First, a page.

1) McClatchy's war correspondents are parroting Public Affairs releases and unnamed "officials" about what happened. These reporters will usually do their own investigation and report on what they are finding as they proceed. They apparently had an Afghan phone contact on the ground very near the operation, though. So there is that.

    2) The military admitted right away that the helicopter was shot down by enemy fire, something they almost never acknowledge immediately -- and in some cases, they don't acknowledge it at all. And they then went on to detail HOW the Wogs did the dastardly deed, something I don't think I've ever seen in a press release out of the military before.

    Those two factors are red flags to me because they don't fit previous responses to similar events. McClatchy reporters don't (usually) report that way, and the military doesn't usually say straight out "this is what happened" -- unless they are lying.

    So. Was it something else? Even friendly fire? I don't know. But the helicopter was apparently in proximity to the ongoing firefight, and it was apparently landing to deposit troops, which would have put it very near "Coalition" troops. Who use rocket propelled grenades and similar weapons themselves. Frequently.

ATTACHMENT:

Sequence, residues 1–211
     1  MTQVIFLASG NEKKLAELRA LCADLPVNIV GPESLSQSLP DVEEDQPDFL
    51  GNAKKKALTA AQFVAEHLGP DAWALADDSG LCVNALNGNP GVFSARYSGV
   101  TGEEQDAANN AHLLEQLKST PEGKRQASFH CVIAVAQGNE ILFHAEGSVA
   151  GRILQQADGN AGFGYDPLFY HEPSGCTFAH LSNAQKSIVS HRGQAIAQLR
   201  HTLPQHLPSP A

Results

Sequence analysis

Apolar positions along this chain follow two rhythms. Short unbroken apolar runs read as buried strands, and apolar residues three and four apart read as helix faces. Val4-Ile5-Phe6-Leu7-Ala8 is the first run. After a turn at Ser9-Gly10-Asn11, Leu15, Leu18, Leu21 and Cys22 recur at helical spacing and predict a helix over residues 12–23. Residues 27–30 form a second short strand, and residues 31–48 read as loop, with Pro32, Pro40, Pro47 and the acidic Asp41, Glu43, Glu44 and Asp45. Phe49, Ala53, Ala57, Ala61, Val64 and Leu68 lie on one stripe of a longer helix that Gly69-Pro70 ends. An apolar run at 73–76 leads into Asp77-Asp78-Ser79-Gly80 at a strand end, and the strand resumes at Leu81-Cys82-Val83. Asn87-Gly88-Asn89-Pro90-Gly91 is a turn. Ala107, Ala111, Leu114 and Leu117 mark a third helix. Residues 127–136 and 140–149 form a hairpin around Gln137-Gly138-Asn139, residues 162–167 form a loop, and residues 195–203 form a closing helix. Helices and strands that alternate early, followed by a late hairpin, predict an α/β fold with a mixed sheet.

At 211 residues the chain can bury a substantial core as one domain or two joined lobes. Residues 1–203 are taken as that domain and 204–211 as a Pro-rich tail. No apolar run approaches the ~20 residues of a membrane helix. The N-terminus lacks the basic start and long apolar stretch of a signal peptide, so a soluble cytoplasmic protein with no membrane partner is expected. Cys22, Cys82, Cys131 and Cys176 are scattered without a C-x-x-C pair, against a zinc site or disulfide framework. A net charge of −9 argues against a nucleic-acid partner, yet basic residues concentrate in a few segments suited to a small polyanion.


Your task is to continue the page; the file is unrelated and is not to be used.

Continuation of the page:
Accidents and mistakes happen all too often in battles. It could have happened here. Which would be a reason why we might not be getting the truth in this incident any more than we were initially given the truth of what happened to Pat Tillman and Jessica Lynch.

  3. Oh, I didn't figure you were doubting it, I just liked that description of Afghan ingenuity.

    It is a little weird for them to admit it was shot down. As you say, they never do that. It's always some inconvenient mechanical failure. Or dust. You'd think it would be more embarrassing to admit that our very expensive death machines were vulnerable to dust, but apparently they feel that enemy victories are worse.

    I wonder if we'll ever know the real truth here?